Sunday, August 5, 2012
Do you know how Life Safety Upgrades are adopted in Florida and around the country?
In many countries, fire safety codes and standards are drafted, debated and ultimately adopted by their federal governments. Not so in the U.S. where our Constitution leaves this up to our individual states. Now if our states were writing their own building safety standards (even knowing that standards would vary from state to state) we could still enjoy some level of comfort. However, that is not the case either and our states instead use "model" codes that are written by private organizations. The states may adopt these "model" codes entirely or with amendments. Ultimately, legislative bodies within local states and jurisdictions will have the final say, and the result might be inconsistent approaches across our country. As such, your financial burdens and life safety protections might vary widely if you live in New York or New Jersey, Tennessee or Texas and so on.
One of the private organizations that writes fire safety standards is the National Fire Protection Association (NFPA). In the state of Florida, we are required by statute to adopt the recommendations this group makes every three years almost without question. We can add even greater restrictions to what they recommend but rejecting the NFPA's proposed rules is basically out of the question. Just who is this group then? Well the mission statement on their website reads as follows:
The mission of the international nonprofit NFPA, established in 1896, is to reduce the worldwide burden of fire and other hazards on the quality of life by providing and advocating consensus codes and standards, research, training and education.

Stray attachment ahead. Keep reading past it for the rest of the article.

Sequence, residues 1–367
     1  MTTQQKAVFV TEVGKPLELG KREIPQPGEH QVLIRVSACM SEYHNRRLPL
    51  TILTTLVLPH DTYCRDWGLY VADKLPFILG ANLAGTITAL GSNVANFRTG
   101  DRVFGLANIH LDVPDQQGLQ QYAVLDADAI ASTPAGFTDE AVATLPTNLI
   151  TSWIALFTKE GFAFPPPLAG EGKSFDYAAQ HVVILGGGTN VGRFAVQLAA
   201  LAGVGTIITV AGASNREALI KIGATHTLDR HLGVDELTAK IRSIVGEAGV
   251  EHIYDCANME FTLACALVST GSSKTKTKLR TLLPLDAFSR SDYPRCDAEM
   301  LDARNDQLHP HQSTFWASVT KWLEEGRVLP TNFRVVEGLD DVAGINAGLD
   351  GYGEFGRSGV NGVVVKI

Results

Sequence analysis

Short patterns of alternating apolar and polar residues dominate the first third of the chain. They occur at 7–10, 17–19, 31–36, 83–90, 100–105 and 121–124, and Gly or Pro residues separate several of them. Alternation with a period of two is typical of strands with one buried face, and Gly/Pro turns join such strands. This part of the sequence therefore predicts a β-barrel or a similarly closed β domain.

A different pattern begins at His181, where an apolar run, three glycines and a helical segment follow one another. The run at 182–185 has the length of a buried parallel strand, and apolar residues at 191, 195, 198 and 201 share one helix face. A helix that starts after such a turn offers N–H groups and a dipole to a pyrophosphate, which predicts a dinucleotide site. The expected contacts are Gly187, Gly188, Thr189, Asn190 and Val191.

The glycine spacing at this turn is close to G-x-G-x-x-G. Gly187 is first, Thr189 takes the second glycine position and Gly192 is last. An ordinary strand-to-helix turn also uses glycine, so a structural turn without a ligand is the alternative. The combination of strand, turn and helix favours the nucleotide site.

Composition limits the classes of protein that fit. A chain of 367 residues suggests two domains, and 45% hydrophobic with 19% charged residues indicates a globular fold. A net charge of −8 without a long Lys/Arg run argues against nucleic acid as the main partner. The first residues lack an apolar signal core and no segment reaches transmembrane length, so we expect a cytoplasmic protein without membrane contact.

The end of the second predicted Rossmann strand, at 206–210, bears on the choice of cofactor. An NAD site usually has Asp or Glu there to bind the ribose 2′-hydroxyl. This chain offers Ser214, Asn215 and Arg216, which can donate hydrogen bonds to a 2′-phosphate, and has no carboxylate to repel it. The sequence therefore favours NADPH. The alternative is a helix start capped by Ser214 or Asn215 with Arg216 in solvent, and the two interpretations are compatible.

Not surprisingly, their Board of Directors and their Officer Roster are heavily comprised of folks whose companies produce the products (sprinklers, elevator components, alarms, etc.) that are all needed to comply with their triennial recommendations. There is no doubt that this same group is also comprised of folks who have made it their life's work to protect public safety. However, in the absence of a legislative review of a private organization's recommendations and in the absence of any meaningful citizen input, we have no current checks and balances in a process that impacts lives and our economic welfare.
Section 633.0215(2) of the Florida Statutes reads as follows:
Florida Statutes, Section 633.0215(2): The State Fire Marshal shall adopt the National Fire Protection Association’s Standard 1, Fire Prevention Code but shall not adopt a building, mechanical, or plumbing code. The State Fire Marshal shall adopt the Life Safety Code, Pamphlet 101, current editions, by reference. The State Fire Marshal may modify the selected codes and standards as needed to accommodate the specific needs of the state. Standards or criteria in the selected codes shall be similarly incorporated by reference. The State Fire Marshal shall incorporate within sections of the Florida Fire Prevention Code provisions that address uniform firesafety standards as established in s. 633.022. The State Fire Marshal shall incorporate within sections of the Florida Fire Prevention Code provisions addressing regional and local concerns and variations.
A better approach might be to require the State Fire Marshal to present a report to the Florida Legislature every three (3) years outlining the proposed changes (before the changes are adopted), and how such changes will impact the specific needs of the State. From there, the Legislature can choose whether to adopt a particular change. I can already hear the bureaucratic criticism that this cannot be done but how would such a report truly be a burden on the Fire Marshal? Surely, this Office can accomplish this feat every three (3) years to ensure that the changes we adopt triennially are not unduly burdensome and actually accomplish reasonable goals. It would also be interesting to note how many times the State Fire Marshal has adopted the NFPA's Fire Prevention Code by blind reference with no additional modifications as needed or requested by the local citizenry. After all that is the easy thing to do but is it the wise thing to do for Floridians and others whose states handle such an important matter in a similar fashion?